By Nicole Iannarone
As any parent knows, transitions can often be difficult. This is one topic that arises repeatedly in parent education. For some individuals on the autism spectrum, everyday transitions may be quite challenging.
I am hoping to share some information that will help you better navigate and prepare for transitions.
There are several types of transitions and some are more difficult than others. Types of transitions include: within activity, between activity, preferred to non-preferred and non-preferred to preferred.
Examples include: following a morning or bedtime routine, leaving for school, returning from school, afternoon routine, dinner time, homework and several more. Within each of these transitions are several smaller transitions. In addition, there are large-scale transitions including change of school, change in location or move, death or illness in the family and graduation.
Not all transitions are difficult and you may find some are more challenging than others. Below are some recommended tips that can be used to help facilitate smooth transitions. Tip 1:
Giving notice prior to the event or transition can be done in a variety of ways, however, making use of different methods will help ensure success. Methods include visual prompts like “first, then” boards, visual schedules like a text or picture, depending on the child, use of timers, social stories and verbal prompts. Although this takes a bit of effort at first, once you establish a routine you will find it becomes second nature. Tip 2:
Use clear and concise language.
Using clear language will help ensure that the expectation is understood and clear to the child. Examples include: “You have five more minutes then we are doing your homework,” “After we finish playing, we are cleaning up,” “First, jacket, then walk out to the bus.”
Instead of this: “We are running late to your friend’s birthday, go get your shoes now or you will miss the pizza!” Try this: “Time for the party, get your shoes,” and hold up a picture of shoes or point towards the shoes.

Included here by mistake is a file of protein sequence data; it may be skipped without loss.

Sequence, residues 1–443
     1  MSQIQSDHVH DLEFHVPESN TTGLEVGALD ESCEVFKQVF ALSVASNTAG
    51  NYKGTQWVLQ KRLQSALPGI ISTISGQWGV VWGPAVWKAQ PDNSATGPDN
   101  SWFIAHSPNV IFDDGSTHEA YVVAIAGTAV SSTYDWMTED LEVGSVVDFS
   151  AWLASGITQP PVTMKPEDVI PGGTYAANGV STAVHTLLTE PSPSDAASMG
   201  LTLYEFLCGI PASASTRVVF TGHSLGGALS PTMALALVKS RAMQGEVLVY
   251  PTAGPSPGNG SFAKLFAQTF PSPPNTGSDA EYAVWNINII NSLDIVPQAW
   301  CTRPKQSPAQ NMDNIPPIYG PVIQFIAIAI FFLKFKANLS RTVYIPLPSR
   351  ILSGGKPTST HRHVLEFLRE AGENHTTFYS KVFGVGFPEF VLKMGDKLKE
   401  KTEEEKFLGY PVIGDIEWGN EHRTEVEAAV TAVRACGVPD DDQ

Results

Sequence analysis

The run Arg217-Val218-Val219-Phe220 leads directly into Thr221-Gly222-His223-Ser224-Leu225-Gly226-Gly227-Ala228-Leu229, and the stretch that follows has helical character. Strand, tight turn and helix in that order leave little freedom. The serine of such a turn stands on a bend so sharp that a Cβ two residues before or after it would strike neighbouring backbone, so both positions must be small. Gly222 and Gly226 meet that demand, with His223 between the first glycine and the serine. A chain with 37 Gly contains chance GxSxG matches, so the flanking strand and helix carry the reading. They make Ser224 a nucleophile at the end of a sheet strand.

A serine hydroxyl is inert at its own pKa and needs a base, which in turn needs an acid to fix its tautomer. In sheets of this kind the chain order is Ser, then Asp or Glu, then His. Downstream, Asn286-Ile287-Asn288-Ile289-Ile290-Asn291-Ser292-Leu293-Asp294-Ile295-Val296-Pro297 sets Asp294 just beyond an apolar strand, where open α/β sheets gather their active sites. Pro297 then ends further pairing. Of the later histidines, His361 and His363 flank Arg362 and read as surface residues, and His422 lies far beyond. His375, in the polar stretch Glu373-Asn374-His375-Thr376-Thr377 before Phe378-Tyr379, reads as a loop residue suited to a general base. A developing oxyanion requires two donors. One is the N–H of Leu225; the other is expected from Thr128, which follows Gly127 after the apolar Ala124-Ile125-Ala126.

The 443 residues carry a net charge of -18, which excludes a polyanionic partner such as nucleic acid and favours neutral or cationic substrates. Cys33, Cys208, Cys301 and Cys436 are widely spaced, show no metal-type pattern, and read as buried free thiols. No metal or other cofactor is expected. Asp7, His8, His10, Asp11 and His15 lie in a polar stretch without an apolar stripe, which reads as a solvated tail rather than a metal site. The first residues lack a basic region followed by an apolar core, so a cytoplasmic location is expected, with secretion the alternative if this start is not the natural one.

This strategy is something that can be used throughout a child’s day. For transitions, learners can be taught to appropriately request more time, when it’s an option. Often pairing visuals with verbal requests is helpful. Write on an index card “five more minutes,” or something similar. Tip 3
: When possible give a choice.
When possible, offer a choice between items or activities. For example, if you are leaving the house, offering a choice of which pair of shoes a child puts on, which jacket they will wear or which hand they want to hold while walking may be helpful. Offering two choices is recommended as some children struggle with choice making and may be overwhelmed when given too many options. You can always add more. Tip 4:
Keeping to a schedule is recommended, however, it’s important to find a balance between relying heavily on schedules and working on flexibility. Start with schedules for things that do not or rarely change. Examples include creating a visual for a morning routine (get up, make bed, get dressed, eat breakfast, brush teeth, etc.) and evening routine. This will help behaviors associated with the routine become more automatic. Tip 5:
Praise the positive.
Always find opportunities to praise appropriate behaviors. Make sure behaviors you want to see increase are met with valuable social praise such as listening the first time and positive transitions. Point out when your child has made a positive transition by stating, “I love how you listened the first time,” “Great job getting your shoes,” or something similar. If social praise is not motivating for your child, consider using other reinforcement-based systems to help facilitate transitions.
Nicole Iannarone, a Board Certified Behavior Analyst and Baldwin native, founded Cornerstone Behavioral Services and has worked in the field of Applied Behavior Analysis for more than ten years. Visit www.cornerstonebehavioralservices.com and contact her via email at firstname.lastname@example.org.